- Locks: You can check the number of total locks, locks not granted, and blocked queries.
- Tablespace: provides information related to tablespace, ie. tablespace size, usage of Disk and Inodes.
- Replications: you can monitor your Replication status in PostgreSQL database, start from Replication Slot, Incoming Replication, Outgoing Replication, Replication Publications, and Replication Subscriptions.
- Wal Files: provides information related to WAL (Write Ahead Log) and also statistics eg: WAL File Counts, WAL Generation Rate, WAL Files Generated Each Hours.
- BG Writers: provides information related to checkpoint database, buffer written, and parameters related to the Background Writer.
- Vacuum Progress: contains information related to the Vacuum which runs in the database, also vacuum parameters.
- Roles: contains information related to the roles which exist in the database including privileges.
- Configuration: contains parameters in database PostgreSQL.
Inside Tools, there are sub-menus such as Index Management that provided information ie. Unused Index, Bloat Index, dan Index with Low Cache Hit Ratio. Tablespace Management provides information related to Tablespace dan other objects available under.
Diagnostics, to understand the potential issues that may occur through Top 10 Most Bloated Tables, Top 10 Most Bloated Indexes, List of Inactive Replication Slots, Top 10 Longest Running Transactions, etc.
ClusterControl has several metrics under separated menu, those are Overview, Nodes, Dashboard, Query Monitor, and Performance, see picture below :
When Agent Based Monitoring is enabled, hence all of the information related to statistics and other information related to the database will be stored in a time series database (prometheus). You can see those information in ClusterControl as depicted below :
In the Query Monitor, you can find Top Queries, Running Queries, Query Outliers, or Query Statistics menus. They provide information related to running query, top query, and statistics of the database. You can also configure slow queries and non-indexing queries.
On Performance, there are sub-menus such as DB Growth that can show information of database and table size statistics. Schema Analyzer provides information related to Redundant Index and Table without primary key.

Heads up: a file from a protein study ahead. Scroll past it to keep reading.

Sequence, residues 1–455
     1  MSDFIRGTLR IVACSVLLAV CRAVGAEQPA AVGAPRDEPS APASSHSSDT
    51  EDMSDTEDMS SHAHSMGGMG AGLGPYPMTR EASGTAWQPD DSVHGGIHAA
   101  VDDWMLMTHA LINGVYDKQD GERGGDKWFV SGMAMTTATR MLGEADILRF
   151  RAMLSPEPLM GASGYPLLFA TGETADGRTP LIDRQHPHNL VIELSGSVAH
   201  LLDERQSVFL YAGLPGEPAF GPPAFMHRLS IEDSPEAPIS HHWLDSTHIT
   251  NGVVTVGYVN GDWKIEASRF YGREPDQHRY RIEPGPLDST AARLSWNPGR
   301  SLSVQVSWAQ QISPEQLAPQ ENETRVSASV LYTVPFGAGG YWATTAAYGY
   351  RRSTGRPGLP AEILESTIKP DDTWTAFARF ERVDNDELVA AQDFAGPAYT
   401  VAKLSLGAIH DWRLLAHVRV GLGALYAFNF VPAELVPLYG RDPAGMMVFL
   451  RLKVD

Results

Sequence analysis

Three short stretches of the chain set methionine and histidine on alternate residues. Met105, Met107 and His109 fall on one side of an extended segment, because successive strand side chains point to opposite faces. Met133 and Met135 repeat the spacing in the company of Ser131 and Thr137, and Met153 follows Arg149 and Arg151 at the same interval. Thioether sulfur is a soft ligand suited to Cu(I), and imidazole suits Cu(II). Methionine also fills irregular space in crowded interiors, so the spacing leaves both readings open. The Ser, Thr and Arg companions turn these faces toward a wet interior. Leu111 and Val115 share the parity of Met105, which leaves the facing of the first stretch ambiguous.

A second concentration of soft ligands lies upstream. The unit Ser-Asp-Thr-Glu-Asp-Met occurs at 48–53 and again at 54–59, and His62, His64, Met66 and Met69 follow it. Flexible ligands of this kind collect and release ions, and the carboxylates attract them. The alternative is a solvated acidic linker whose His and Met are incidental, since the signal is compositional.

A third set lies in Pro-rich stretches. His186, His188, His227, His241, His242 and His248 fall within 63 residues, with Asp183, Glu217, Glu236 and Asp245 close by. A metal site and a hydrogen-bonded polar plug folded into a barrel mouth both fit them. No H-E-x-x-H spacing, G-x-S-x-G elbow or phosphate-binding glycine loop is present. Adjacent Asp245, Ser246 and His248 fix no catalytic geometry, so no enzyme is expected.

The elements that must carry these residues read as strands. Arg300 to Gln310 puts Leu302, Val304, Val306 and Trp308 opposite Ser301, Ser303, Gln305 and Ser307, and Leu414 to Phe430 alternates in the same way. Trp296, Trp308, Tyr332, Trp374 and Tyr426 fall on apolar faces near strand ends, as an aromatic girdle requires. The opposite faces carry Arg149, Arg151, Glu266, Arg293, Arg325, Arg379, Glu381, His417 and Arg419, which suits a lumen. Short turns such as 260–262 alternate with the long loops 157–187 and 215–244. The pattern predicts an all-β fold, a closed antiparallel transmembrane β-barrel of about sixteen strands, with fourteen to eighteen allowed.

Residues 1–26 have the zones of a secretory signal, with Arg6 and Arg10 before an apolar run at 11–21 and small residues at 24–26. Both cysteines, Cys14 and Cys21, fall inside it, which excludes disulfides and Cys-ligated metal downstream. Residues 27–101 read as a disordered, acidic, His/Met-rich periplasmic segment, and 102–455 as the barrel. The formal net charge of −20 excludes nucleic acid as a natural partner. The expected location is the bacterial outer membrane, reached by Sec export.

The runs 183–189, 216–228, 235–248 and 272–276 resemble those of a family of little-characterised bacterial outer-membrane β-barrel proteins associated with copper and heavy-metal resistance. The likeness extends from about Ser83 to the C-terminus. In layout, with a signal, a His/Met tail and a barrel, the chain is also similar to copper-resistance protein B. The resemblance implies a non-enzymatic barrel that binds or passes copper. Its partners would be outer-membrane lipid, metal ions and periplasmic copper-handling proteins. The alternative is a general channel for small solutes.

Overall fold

There are two parts of alerting…
- Alert Rules: alert rules play a major role, you can define limits as parameters that can trigger alarm to the DBA.
- Third Party Integration: is an integration channel to the incident management platform for communication and collaboration such as: PagerDuty, OpsGenie, Slack, or via Email.
PgDash has many options of database parameters you can set related to the alert rule, divided in several layers starting from Server, Database, Table, Index, Tablespace, and Query. You can see those information in pgDash as depicted below…
As for the third party integration channel, pgDash has support for several channels such as Slack, Pagerduty, VictorOps, Xmatters, e-mail, or making their own webhooks so they can be consumed by other services.
The following is the appearance of the Third party Integration of pgDash :
In contrast to pgDash, ClusterControl has a broader and more general event alert option, starting with alerts related to the host, network, cluster, and database itself. The following are examples of event options that can be selected :
ClusterControl can select several database clusters in one event alert. Third party integration from ClusterControl supports several incident management and communication / collaboration tools such as PagerDuty, VictorOps, Telegram, OpsGenie, Slack, ServiceNow, or can create your own webhook.
In the alert rules section, both pgDash and ClusterControl have advantages and disadvantages. The advantage of pgDash is that you can set very detailed database alerts related to what will be sent, while the drawback is that you have to do these settings in each database (although there is a feature to import from other database configurations.
ClusterControl lacks detailed event alerts, only general database events, but ClusterControl can send alerts not only related to the database, but can send event alerts from nodes, clusters, networks, etc. Besides that you can set these alerts for several database clusters.
In the Third party Integration section, pgDash and ClusterControl both have support for various third party incident management and communication channels. Infact both of them can make their own webhook so that it can be consumed by other services (eg. Grafana).